“I ran. I ran as fast as the skirt of that stupid dress would let me. Then I hiked up the skirt, so that I could run even faster. But Cora’s shoes weren’t really designed for running. The heel broke and I fell straight into the mud puddle that I had skirted just moments ago.
The laughter had gotten so loud back at Farrell Manor that I could still hear it, even though I was halfway up the road.
“Come back, Monkey Night! I heard some boy yell behind me. “You look so nice in your pretty dress!”
I pushed myself up out the mud, kicked off the shoes, and started running again.” -32 Candles
For Davidia Jones – a mahogany-skinned, selective mute with a defiant afro bouffant – coming of age in pastoral Glass, Miss., was a far more bitter experience than sweet. The first 15 years of her life are a vicious introduction to the world’s vices and evils, as her contemptuous classmates — and doubly coldhearted mother — force her into a fantasy world where she is no longer Monkey Night, (“…I was ugly like a monkey and black as night”), a crude nickname doled out by her peers.
Life for the protagonist of 32 Candles, the first book released by self-proclaimed “fierce nerd” Ernessa T. Carter, appears to be a tragic Black-girl-gone-awry tale in its first moments. But the author creates a heroine that is multifaceted, quirky, humorous and above all, enduring.
Davidia (Davie as she is later called) responds to her detractors’ antics with a caustic, often ironic humor of her own, making 32 Candles a laugh-out-loud read that’s never disheartening or too depressing.
Carter said Davie and the books’ other characters evolved into entities of their own as she crafted the plot.
“Davie feels very much like her own person. It almost feels like I have a child,” said Carter, a St. Louis, Mo., native with family roots in Mississippi. “It’s like she’s from me, I gave birth to her, but she’s completely her own person.”
And while much of Davidia’s childhood is a nightmarish sequence of disappointments and rejection, Carter said her own life did not inspire the tome, which touches on weighty issues such as discrimination within the Black community (colorism), classism and sexuality.
“I dealt with colorism, also dealt with colorism but on an even bigger level than I did,” said Carter. “I didn’t really set out to tackle certain issues so to speak. I just really felt like this is her story, this is what happened.”
Unlike her idol Molly Ringwald’s fate in the timeless 1984 classic 16 Candles, Davie doesn’t snag the high school jock of her dreams, James Farrell. The Farrell family is the crown jewel of Glass with their bevy of sports car, model-perfect looks, wealth and prestige.
Even when James and Davie reunite decades later in Los Angeles, their union is far from idyllic. Carter admitted feeling “bummed for days” after penning their split and even more emotionally charged with writing one of the book’s pivotal scenes.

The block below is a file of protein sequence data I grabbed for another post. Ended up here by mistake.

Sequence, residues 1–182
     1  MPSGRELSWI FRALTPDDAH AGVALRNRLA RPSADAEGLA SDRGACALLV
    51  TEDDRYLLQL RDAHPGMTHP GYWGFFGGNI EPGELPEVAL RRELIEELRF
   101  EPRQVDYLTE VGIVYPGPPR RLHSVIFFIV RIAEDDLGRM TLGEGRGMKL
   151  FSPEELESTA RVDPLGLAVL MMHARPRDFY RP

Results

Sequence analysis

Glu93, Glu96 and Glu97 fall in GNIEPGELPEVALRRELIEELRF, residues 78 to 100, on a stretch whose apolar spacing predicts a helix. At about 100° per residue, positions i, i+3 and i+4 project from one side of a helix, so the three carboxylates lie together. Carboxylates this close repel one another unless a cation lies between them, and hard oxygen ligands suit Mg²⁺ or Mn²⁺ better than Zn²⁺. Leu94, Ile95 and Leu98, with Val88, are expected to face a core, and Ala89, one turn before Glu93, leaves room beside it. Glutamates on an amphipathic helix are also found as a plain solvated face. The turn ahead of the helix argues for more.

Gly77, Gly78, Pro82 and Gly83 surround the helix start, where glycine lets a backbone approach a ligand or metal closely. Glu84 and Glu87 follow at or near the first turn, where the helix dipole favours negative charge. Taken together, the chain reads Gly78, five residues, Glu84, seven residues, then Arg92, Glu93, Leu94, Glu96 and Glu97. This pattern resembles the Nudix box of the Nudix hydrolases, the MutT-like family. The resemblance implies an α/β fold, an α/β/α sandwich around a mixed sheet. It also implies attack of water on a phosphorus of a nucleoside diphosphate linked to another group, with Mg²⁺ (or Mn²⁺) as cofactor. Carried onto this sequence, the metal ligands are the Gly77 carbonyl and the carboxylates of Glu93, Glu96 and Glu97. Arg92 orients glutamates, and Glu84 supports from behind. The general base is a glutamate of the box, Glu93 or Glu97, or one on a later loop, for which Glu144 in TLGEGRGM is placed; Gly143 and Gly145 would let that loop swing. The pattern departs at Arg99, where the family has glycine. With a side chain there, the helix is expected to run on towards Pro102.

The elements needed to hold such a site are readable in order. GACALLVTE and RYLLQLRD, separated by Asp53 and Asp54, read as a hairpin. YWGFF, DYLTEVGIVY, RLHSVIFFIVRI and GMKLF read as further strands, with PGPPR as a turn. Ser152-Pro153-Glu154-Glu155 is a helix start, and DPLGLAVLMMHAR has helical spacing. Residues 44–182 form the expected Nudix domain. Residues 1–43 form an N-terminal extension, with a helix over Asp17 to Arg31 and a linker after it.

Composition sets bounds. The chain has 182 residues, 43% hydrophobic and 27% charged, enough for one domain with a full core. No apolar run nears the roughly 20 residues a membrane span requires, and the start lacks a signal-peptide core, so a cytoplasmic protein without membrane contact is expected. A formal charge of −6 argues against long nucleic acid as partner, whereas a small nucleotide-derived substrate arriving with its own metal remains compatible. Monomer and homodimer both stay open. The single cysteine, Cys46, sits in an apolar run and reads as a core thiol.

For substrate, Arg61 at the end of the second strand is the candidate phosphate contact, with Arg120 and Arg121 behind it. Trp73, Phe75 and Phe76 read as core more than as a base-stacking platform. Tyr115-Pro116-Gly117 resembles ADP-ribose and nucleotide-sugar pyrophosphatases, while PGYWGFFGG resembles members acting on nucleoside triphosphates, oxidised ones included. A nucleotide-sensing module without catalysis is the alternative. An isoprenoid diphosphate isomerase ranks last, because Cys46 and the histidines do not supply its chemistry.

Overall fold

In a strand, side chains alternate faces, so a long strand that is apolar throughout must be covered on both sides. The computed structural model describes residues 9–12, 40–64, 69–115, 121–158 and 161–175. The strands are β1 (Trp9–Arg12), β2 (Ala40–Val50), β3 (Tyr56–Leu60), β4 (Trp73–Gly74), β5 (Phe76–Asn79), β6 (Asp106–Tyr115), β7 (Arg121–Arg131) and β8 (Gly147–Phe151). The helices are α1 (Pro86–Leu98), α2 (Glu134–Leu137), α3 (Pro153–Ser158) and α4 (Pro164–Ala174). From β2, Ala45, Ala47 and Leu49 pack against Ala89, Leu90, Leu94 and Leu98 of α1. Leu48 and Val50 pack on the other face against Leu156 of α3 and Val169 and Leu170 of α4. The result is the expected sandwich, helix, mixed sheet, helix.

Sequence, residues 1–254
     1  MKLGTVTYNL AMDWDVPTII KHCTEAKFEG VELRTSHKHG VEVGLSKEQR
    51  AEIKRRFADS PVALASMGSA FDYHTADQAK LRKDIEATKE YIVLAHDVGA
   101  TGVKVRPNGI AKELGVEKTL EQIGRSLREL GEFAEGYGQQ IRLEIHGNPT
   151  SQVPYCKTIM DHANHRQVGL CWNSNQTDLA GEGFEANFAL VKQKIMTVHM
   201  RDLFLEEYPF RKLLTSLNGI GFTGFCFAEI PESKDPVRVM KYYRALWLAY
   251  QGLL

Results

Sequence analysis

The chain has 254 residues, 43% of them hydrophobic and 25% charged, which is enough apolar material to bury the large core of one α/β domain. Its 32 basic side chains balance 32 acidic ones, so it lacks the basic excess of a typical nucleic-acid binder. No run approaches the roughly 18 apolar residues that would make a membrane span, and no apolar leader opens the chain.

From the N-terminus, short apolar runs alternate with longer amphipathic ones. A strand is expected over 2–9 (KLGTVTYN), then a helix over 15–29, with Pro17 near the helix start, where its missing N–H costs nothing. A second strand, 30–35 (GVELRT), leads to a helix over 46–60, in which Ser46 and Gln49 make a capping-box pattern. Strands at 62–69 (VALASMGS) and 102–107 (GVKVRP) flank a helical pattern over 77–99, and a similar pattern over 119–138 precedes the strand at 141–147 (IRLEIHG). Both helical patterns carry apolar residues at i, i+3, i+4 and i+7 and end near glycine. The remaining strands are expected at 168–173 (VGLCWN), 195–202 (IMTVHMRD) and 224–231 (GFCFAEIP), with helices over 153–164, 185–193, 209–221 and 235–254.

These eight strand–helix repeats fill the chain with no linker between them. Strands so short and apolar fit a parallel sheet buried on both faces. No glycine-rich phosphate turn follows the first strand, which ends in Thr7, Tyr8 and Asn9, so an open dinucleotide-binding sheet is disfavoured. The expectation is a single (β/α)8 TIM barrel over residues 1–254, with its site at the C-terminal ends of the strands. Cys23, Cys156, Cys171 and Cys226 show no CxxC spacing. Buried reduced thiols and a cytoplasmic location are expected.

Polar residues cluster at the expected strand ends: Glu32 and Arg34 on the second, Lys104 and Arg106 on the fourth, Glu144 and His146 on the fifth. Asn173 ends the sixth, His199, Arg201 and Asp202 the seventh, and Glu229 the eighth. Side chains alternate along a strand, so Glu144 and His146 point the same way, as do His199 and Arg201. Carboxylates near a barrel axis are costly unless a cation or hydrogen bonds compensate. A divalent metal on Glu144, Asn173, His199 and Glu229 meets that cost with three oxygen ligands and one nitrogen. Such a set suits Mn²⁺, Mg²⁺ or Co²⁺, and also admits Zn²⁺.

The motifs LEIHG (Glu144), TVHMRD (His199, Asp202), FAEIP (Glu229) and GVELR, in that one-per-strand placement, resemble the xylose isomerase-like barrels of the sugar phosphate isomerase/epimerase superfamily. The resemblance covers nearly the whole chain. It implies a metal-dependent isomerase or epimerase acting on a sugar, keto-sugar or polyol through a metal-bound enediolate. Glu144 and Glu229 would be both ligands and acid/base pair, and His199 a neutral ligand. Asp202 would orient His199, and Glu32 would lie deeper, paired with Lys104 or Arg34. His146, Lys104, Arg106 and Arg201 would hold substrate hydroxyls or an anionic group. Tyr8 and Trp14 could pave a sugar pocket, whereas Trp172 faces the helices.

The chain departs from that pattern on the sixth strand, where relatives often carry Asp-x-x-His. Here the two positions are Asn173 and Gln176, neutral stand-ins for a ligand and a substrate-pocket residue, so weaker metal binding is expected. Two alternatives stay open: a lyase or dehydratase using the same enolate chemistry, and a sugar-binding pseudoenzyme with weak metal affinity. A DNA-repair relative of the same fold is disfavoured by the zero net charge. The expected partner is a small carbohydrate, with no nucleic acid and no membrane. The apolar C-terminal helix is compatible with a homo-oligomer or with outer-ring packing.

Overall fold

After receiving a bogus invitation to a party at the Farrell home, Davie is humiliated in front her peers.
“I was sobbing when she went up to the Farrell Manor and she found out that it was all a trick. It reminded me of every time I’d gotten rejected from something I really wanted. I think that scene for me is just a very universal experience,” said Carter.
This watershed moment would be equally stirring in a film adaptation, and when asked which entertainers she’d like to portray James and Davie, Carter’s response was immediate.
“If Janelle Monáe could act—I have no idea if she can—it’s to the point where I’m like, ‘Send her the script.’ I think she’s just amazing and I love that she’s kind of nerdy but really brings it all and seems to have her own thing going on,” said the author. “I really haven’t thought about anyone for James. I really love the half Black doctor on ‘Grey’s Anatomy,’ he might be good for it.”
And Janelle Monáe — a petite powerhouse vocalist with a whimsical fashion style — may be the ideal starlet to portray Davie, who metamorphoses into a jazz singer. She arrives in fast-paced Los Angeles with a southern drawl and disheveled afro, a far cry from the stereotypical glamorous Californian. But Davie’s transformation is more of an emotional undertaking than a physical adaptation.
“One of the things you’ll see in Hollywood movies is that a character like Davie, getting a makeover, they will perm her hair and give her Beyoncé-level weave,” said Carter, who sports a chocolate-hued afro of her own. “She got this kind of chanteuse makeover, but at the same time she was still herself.”
Just as Davie’s journey toward self-discovery seems complete, the past and present converge—at times violently—in Los Angeles. The book follows the singer as she encounters a rollercoaster of lovers, haters and a shocking revelation about her own family’s splintered past.
Hang on for the ride.
“32 Candles” is in stores now. For more information visit 32candles.com or follow Ernessa T. Carter on Twitter at twitter.com/ErnessaTCarter.